Swift µframework and code generator for lenses
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example updated to Swift 2.2 (Xcode 7.3) Apr 22, 2016
.gitignore
HISTORY.md
LICENSE
README.md
lenso
tests.py

README.md

Lenso

A Swift µframework and code generator for lenses — "functional getters and setters", convenient when changing parts of immutable objects. Featuring dot notation, zero new operators.

struct Person {
    let name: String
    let address: Address
}

struct Address {
    let street: String
}

let author = Person(name: "Maciej Konieczny", address: Address(street: "Sesame Street"))
let author2 = author.throughLens.address.street.set("Baker Street")

// generated lens code "hidden" in another file

To learn about lenses, scroll down to Introduction. For more information and more story, check out my blog post Lenses in Swift, or how to change parts of immutable objects.

Installation

lenso is an executable Python script with no dependencies. Put it somewhere in your $PATH.

In the future I would like to port lenso to Swift and make it installable via Homebrew.

Usage

Lenso is a command line application. It takes as input models described in JSON and returns library code and generated lenses, so that you can keep them in one file:

cat models.json | lenso > lenses.swift

See example playground to see it in action.

Having to specify all model properties in JSON is far from ideal. In the future I would like to be able to inspect source files and generate lenses without extra configuration.

Introduction to lenses

For more information and more story, check out my blog post Lenses in Swift, or how to change parts of immutable objects.

Lenses are "functional getters and setters" for immutable objects. A lens is implemented for a Whole object and its Part. You can "look through" the lens at an object to get its part — the lens acts as a getter. You can also use the lens to change a part of an object. Then it acts like a setter, except we are talking about immutable objects here, so after "setting", the lens returns a new Whole object with the new part swapped in.

struct Lens<Whole, Part> {
    let get: Whole -> Part
    let set: (Part, Whole) -> Whole
}

Given models from the top of this README,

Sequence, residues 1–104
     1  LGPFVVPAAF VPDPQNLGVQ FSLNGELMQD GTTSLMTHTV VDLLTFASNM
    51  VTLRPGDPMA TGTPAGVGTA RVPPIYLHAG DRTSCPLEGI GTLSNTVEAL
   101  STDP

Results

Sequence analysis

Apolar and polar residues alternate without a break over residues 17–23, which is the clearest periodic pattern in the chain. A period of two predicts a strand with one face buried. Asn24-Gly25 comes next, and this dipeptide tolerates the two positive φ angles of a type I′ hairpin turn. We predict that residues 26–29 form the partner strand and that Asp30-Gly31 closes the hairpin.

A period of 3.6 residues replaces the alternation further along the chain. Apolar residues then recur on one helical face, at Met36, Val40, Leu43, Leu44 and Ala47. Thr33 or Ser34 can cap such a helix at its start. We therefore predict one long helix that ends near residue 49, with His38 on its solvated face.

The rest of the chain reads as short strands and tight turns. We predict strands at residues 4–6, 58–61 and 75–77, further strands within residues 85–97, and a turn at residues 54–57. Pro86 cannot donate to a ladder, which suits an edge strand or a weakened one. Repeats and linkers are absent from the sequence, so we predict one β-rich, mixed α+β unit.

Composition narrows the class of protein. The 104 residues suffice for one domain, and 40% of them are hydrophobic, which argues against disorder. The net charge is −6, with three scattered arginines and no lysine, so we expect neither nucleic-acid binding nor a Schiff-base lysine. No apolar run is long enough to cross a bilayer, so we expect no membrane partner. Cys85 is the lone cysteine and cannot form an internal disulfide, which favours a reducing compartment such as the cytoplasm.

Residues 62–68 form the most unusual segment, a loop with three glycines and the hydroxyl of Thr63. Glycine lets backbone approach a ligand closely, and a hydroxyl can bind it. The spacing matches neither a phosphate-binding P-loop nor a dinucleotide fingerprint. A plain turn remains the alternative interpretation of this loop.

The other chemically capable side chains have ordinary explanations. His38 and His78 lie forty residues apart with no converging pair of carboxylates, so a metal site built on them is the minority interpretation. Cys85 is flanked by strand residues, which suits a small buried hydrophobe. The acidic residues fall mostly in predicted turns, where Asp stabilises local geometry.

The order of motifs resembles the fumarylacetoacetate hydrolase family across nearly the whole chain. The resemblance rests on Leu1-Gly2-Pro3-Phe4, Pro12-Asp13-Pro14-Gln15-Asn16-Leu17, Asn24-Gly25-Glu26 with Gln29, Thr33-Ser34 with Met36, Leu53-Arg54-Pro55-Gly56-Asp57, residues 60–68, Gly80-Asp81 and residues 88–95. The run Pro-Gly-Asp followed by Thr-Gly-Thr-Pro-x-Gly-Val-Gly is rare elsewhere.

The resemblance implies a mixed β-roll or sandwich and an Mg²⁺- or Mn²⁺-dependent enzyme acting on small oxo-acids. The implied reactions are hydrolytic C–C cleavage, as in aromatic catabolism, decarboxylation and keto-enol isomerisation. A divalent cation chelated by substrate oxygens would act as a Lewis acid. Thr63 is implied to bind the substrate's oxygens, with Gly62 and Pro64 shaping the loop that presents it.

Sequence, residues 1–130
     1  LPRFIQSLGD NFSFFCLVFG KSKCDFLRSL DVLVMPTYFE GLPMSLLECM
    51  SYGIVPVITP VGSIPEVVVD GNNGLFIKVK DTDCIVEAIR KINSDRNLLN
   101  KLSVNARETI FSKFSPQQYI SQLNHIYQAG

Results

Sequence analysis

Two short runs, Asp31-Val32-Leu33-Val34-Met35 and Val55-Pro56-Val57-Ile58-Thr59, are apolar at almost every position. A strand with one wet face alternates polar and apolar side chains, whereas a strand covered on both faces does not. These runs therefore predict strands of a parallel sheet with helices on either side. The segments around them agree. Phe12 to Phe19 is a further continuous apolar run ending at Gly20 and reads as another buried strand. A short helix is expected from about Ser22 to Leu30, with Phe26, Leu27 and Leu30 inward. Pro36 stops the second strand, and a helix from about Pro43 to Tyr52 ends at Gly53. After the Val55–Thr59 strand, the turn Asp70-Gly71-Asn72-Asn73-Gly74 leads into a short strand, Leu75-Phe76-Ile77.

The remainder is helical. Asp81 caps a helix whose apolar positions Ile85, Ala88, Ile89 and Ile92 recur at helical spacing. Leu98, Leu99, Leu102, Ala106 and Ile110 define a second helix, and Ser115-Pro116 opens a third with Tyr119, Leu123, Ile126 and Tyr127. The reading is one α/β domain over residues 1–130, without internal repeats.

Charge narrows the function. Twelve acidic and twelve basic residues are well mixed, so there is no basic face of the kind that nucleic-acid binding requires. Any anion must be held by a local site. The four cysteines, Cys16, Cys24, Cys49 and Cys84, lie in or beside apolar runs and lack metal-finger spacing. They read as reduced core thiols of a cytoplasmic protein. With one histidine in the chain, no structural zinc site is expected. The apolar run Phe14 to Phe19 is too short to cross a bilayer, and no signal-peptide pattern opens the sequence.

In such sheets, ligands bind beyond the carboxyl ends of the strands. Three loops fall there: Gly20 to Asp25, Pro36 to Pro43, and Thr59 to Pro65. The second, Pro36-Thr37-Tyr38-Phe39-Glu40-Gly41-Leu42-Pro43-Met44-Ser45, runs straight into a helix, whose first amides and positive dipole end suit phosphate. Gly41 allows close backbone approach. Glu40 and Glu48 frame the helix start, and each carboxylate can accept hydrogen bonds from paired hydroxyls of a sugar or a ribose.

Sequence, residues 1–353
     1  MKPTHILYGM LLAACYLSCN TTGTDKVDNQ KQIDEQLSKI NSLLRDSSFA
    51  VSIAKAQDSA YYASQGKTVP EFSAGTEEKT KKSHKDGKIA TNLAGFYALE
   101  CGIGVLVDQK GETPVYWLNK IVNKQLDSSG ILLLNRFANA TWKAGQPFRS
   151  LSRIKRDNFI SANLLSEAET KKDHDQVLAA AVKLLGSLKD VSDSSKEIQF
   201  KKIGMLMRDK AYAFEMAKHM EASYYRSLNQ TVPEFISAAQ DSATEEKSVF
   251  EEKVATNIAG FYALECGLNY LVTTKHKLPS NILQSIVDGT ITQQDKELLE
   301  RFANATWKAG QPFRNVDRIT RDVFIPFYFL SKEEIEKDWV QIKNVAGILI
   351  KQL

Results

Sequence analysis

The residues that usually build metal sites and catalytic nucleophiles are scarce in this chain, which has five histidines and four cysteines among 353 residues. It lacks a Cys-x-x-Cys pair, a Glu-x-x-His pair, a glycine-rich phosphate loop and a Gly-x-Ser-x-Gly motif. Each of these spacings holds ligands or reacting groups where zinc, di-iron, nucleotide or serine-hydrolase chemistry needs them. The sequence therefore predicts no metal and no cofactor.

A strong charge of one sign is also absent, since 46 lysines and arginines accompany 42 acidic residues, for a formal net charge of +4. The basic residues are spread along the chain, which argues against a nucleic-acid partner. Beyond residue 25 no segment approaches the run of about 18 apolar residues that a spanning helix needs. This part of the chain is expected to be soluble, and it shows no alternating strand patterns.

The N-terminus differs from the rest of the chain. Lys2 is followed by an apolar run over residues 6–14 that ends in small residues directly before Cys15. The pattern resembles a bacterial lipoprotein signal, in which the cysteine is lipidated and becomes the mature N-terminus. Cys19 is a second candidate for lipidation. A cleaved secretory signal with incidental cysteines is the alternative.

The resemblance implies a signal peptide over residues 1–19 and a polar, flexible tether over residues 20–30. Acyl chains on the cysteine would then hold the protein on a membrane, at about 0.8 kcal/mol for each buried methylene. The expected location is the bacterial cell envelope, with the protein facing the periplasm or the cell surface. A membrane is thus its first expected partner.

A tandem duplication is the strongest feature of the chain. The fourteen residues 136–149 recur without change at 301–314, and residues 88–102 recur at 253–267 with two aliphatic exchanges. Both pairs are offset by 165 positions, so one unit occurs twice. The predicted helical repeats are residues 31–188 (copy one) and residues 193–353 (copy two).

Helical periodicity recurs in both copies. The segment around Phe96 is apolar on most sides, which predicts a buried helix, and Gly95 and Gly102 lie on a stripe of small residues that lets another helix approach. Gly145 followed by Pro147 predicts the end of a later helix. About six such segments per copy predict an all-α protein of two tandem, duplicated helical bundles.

struct Person {
    let name: String
    let address: Address
}

struct Address {
    let street: String
}

let author = Person(name: "Maciej Konieczny", address: Address(street: "Sesame Street"))

a lens for a person's name is implemented and used like this:

let personNameLens = Lens<Person, String>(
    get: { $0.name },
    set: { (newName, person) in
        Person(name: newName, address: person.address)
    }
)

let author2 = personNameLens.set("narf", author)

Lenso generates code for such lenses for each specified model and puts them in a Lenses struct inside a model extension:

let author2 = Person.Lenses.name.set("narf", author)

Composition

Lenses can also be composed: if you have a lens from A to B and a lens from B to C, you can make a new lens out them, from A to C:

let personStreetLens = Person.Lenses.address.compose(Address.Lenses.street)
let author3 = personStreetLens.set("Wisteria Lane", author)

This is much better than manually recreating model hierarchies when you want to change a property value somewhere down the line, but it still requires a lot of typing and feels "indirect". This is where "chain-aware" bound lenses come to help.

Bound lenses

Bound lenses are lenses that are already "used half way". They already have a Whole instance associated with them. This allows for a much nicer, more familiar syntax: author.throughLens.name.get() instead of Person.Lenses.name.get(author). Lenso generates bound lens structs in such a way that they allow access to properties further down the object chain, without having to manually compose lenses:

let author4 = author.throughLens.address.street.set("Baker Street")

I think this is a big win and it makes working with immutable objects easier.

Meta

Hello, my name is Maciej Konieczny. I started experimenting with lenses and created Lenso (it means "a lens" in Esperanto) after watching Brandon Williams' talk Lenses in Swift. I recommend you watch it too, it's good! :)

By the way, I'm looking for a job, so if you’re working on a good product (an iOS app, a web service, a game, an ecosystem…), check out my CV, mention me to your boss, and get in touch via email at hello@narf.pl.

Cheers.